Jones: USF plays up to par in season opener, now aim higher

South Florida Bulls linebacker Nigel Harris (57) runs the ball back for large gain against the Towson Tigers defense in the second quarter at Raymond James in Tampa on Saturday, September 3, 2016.
South Florida Bulls linebacker Nigel Harris (57) runs the ball back for large gain against the Towson Tigers defense in the second quarter at Raymond James in Tampa on Saturday, September 3, 2016.
Published Sept. 4, 2016

TAMPA — It's good to be Willie Taggart.

The USF coach got a first look at his highly advertised 2016 Bulls on Saturday night and it was pretty much what he was hoping for. USF 56, Towson 20.

Okay, so it was Division I-AA Towson. Not exactly a college football power. Not exactly Alabama or Ohio State. In fact, USF won't play a lighter opponent this season.

Still. It was a nice start to a season full of high hopes and lofty expectations.

Not perfect, mind you. Not without some hiccups. But, overall, pretty good.

Taggart might have something here.

He watched his sensational running back Marlon Mack run like a Mack truck for a half. He saw his dual-threat quarterback Quinton Flowers use his arm and legs to carve up the Towson defense.

He watched receiver Marquez Valdes-Scantling run wind sprints through the Towson secondary. And Taggart saw his own swarming defense do a solid job against the Tigers, including a monster game from linebacker Nigel Harris.

If USF's performance was a Facebook post, fans would definitely hit "Like."

In other words, about what you would expect.

And speaking of expectations, everyone thinks the Bulls have a chance to be a pretty good football team. They're favorites to win a division title, a contender for the American Athletic Conference title.

Saturday night's opener would not dissuade anyone from thinking that.

So, yeah, it's good to be Willie Taggart.

You would not have said that midway through last season.

Frankly, it's a bit surprising Taggart is still here. Last season he seemed this close to getting fired. After a disappointing home loss to Memphis, his Bulls were 1-3. Taggart was 7-21 as USF coach. It was a program stuck in neutral. Going nowhere. Most blamed Taggart. That's how it works. Blame the coach.

Taggart's seat was well beyond hot. I still believe if the Bulls had lost to Syracuse on Oct. 10, Taggart was gone.

But the Bulls won. Then won the next week. And the week after that.

They ended up winning seven of their last eight regular-season games, including an upset of ranked Temple. They went to a bowl game.

Season saved. Job saved. Program restored.

Thanks to Taggart. Less than two months after he looked to be in over his head at USF, he was riding a wave of success. He was a coach who went from down-and-out to, once again, up-and-coming.

Credit USF for standing by its man. And credit Taggart for sticking to his plan.

Taggart knew it would take a while to change the losing culture that had set in during the last agonizing days of the mostly dreadful Skip Holtz era. He knew there would lumps and losses along the way. He knew that, in order to grow, there would be growing pains. He had to recruit better than Holtz did, especially around here.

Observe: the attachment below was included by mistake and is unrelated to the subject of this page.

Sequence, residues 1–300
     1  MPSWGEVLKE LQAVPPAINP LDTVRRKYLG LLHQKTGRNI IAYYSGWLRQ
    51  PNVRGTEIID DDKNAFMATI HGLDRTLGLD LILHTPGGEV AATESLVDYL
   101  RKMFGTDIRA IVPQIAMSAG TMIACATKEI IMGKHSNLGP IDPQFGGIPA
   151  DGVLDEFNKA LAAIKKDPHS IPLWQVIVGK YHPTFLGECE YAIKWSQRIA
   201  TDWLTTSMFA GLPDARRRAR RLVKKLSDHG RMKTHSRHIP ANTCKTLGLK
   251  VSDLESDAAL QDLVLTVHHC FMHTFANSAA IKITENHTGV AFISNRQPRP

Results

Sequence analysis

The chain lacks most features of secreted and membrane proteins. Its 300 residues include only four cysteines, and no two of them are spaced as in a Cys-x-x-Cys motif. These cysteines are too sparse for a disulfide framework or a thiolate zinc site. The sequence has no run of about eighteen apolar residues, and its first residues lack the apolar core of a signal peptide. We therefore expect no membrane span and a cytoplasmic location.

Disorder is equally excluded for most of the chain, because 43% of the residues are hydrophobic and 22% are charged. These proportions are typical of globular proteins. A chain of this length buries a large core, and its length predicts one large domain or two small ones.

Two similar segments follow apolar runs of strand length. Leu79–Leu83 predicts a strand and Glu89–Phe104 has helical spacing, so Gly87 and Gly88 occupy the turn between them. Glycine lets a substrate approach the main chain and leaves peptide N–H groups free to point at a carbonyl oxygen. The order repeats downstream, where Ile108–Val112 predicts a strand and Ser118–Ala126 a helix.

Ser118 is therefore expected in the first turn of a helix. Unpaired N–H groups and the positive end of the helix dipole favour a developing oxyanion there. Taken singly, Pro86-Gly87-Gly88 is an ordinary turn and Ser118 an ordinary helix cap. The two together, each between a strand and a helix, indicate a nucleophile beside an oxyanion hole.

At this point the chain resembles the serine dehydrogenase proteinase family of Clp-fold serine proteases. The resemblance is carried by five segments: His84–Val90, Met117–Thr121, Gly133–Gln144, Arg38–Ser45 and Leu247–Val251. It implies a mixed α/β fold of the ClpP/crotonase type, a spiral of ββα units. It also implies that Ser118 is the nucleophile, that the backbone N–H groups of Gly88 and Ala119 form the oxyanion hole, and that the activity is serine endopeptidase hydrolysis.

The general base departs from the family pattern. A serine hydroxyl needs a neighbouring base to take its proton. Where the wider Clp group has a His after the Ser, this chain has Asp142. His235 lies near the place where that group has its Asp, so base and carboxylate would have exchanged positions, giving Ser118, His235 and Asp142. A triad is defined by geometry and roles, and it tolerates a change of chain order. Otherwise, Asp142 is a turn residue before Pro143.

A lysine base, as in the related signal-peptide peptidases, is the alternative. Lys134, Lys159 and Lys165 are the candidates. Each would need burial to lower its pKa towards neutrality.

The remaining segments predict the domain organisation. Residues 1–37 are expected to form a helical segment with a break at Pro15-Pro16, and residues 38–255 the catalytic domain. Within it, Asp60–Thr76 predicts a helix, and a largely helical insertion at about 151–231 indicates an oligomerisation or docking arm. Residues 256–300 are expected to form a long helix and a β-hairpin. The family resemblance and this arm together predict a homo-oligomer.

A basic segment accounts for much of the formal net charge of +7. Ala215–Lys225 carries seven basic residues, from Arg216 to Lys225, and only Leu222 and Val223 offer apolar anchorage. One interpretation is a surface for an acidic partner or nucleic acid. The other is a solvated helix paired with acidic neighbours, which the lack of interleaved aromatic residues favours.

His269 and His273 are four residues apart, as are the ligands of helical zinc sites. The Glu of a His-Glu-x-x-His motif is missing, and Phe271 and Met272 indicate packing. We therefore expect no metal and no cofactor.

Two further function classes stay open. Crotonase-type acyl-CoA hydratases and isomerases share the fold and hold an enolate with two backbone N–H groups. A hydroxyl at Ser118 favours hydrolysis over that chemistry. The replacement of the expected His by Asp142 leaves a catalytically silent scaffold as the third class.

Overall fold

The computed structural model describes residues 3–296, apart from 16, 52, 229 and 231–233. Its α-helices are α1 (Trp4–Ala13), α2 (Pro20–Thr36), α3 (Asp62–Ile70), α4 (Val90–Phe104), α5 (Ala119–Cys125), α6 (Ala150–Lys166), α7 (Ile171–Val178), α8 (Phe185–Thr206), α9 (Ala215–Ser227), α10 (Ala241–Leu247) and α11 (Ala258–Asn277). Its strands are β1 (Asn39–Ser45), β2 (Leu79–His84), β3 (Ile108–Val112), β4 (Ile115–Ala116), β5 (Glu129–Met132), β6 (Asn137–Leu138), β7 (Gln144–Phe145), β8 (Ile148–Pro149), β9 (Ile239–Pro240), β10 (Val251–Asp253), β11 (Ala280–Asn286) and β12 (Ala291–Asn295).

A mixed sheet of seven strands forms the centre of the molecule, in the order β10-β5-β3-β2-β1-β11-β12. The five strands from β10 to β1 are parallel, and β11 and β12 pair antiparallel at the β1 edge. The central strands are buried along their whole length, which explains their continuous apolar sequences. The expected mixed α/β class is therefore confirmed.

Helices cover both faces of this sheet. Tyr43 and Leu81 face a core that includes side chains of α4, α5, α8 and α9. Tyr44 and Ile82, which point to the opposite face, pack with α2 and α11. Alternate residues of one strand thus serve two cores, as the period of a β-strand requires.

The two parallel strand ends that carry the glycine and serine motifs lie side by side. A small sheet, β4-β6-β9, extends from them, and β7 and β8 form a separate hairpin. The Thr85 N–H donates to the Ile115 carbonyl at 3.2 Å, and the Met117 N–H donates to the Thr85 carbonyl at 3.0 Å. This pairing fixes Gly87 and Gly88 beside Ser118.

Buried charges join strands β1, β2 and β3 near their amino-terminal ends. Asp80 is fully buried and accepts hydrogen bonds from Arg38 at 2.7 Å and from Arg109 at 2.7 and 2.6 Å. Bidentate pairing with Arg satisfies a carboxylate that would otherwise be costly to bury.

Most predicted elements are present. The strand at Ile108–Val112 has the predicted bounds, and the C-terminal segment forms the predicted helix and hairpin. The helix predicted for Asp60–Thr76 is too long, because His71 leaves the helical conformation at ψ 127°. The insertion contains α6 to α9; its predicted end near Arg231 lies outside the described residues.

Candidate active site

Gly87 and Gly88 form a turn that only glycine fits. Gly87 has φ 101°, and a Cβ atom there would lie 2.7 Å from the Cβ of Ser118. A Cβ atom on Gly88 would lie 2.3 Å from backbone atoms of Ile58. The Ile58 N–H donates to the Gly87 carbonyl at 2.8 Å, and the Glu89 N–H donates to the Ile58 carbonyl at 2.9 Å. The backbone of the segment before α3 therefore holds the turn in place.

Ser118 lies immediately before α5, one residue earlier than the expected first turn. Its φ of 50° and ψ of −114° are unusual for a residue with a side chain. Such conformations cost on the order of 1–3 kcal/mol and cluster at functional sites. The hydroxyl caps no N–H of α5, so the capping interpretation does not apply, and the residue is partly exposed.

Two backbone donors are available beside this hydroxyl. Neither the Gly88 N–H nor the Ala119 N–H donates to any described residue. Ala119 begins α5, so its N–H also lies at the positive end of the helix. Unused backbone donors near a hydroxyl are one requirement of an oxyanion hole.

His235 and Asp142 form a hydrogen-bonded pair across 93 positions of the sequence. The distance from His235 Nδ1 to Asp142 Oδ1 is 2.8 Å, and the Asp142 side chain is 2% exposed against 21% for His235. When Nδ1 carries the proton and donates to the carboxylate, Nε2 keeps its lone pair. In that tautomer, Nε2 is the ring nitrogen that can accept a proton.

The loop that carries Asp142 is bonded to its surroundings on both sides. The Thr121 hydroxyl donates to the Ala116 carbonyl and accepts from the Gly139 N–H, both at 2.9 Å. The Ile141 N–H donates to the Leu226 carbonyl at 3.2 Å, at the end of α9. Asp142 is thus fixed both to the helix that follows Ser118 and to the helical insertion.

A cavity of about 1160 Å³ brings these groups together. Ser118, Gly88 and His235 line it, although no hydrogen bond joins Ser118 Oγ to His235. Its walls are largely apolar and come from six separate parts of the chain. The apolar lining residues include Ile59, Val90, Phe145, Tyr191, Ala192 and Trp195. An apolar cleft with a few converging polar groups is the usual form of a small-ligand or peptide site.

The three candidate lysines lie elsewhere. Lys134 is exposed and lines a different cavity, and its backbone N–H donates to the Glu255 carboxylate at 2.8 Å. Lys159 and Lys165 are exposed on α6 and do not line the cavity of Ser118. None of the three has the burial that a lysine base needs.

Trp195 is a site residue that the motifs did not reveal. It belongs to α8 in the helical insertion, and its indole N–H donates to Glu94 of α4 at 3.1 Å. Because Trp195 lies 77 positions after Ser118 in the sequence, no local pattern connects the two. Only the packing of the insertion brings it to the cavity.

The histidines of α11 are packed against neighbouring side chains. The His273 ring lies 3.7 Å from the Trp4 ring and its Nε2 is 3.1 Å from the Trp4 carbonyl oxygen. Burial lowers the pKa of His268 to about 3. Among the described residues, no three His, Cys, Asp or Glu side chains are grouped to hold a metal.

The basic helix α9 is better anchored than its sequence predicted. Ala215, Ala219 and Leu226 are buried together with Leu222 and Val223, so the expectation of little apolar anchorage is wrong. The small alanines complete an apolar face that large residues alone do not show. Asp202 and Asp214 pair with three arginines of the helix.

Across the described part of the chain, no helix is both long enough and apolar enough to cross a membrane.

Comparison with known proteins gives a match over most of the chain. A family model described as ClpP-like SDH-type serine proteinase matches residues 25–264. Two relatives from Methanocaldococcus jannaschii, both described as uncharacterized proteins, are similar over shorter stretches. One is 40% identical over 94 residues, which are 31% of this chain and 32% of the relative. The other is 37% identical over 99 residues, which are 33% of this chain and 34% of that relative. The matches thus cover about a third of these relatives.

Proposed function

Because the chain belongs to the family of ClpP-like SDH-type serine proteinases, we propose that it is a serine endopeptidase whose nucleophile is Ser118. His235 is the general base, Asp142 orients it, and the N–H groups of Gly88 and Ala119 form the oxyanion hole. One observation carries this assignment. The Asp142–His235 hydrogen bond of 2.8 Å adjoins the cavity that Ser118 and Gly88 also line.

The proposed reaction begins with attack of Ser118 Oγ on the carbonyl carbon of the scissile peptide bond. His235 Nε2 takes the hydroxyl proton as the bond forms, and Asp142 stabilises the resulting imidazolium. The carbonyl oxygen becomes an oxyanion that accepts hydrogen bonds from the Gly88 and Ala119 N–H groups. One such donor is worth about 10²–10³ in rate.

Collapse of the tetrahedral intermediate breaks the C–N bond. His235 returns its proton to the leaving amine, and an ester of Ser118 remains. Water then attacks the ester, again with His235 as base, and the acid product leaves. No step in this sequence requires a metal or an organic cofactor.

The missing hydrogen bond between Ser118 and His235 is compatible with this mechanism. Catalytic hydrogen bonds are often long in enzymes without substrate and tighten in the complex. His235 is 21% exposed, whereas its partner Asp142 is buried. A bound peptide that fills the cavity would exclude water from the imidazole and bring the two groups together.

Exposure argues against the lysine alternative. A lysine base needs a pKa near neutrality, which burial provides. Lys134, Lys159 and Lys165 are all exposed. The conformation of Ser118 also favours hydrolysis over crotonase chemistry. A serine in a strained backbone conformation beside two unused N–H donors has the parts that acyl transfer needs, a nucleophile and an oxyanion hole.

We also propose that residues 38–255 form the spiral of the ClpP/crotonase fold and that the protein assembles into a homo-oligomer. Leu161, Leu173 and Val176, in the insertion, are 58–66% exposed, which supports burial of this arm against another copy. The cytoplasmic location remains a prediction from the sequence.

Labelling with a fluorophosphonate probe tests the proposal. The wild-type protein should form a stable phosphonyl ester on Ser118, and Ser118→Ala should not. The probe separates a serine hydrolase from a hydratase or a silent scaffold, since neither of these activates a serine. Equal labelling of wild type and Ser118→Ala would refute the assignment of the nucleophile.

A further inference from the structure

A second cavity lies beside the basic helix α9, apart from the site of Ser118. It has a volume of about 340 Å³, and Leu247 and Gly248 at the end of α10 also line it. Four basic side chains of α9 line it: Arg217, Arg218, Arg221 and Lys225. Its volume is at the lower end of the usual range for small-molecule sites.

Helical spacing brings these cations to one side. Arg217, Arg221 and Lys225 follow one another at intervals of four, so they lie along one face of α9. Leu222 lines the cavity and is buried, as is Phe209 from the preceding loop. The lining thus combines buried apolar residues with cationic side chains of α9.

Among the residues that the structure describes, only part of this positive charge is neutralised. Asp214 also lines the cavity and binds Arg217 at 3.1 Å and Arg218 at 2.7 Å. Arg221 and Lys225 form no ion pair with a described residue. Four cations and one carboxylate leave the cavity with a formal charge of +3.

USF stayed patient with Taggart, and Taggart stayed patient with his team. Turns out, everyone made the right call. Taggart now looks like the right man for the job.

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But let's not separate our shoulders patting everyone on the back just yet. Taggart still has more work left to do. His Bulls are far from perfect.

Perhaps you can chalk it all up to first-game jitters and opening-game rust. Yet some of the things we saw are some of the fears that you might have about USF coming into this season.

Start with the quarterback. Flowers remains a better runner than passer. He still can be a touch inaccurate. He made a couple of big-time throws, including a slick 51-yard touchdown strike that hit a blazing Valdes-Scantling in perfect stride. But he also will occasionally miss open receivers, and he's going to have to be better when the schedule gets tougher.

Mack was shaken up on a big hit in the second quarter and did not come back. The offense didn't miss a beat without him, but you do get the sense that if he was to go down for a while, he would take a big chunk of the offense with him.

The special teams were sloppy. The defense gave up a couple of big plays, which is going to happen. That's football. But when it happens a little too often against a little guy like Towson, you hold your breath.

That's because bigger tests are coming. The Bulls head to Syracuse in two weeks. Florida State comes to Raymond James the week after that. Trips to Cincinnati and Temple are down the line. Heck, better not sleep on Northern Illinois next week.

USF must do much better in those games than it did Saturday night against Towson. Dreams of a program-first conference championship seem a long way off, especially after seeing what conference-rival Houston did to No. 3 Oklahoma on Saturday.

But the arrow on USF is pointed up. This is probably the best USF fans can feel about this program since the early days of Holtz. We're talking way back in 2010.

A big reason why is Taggart.

It's good to be Willie Taggart.

And it's good for USF that Willie Taggart is its coach.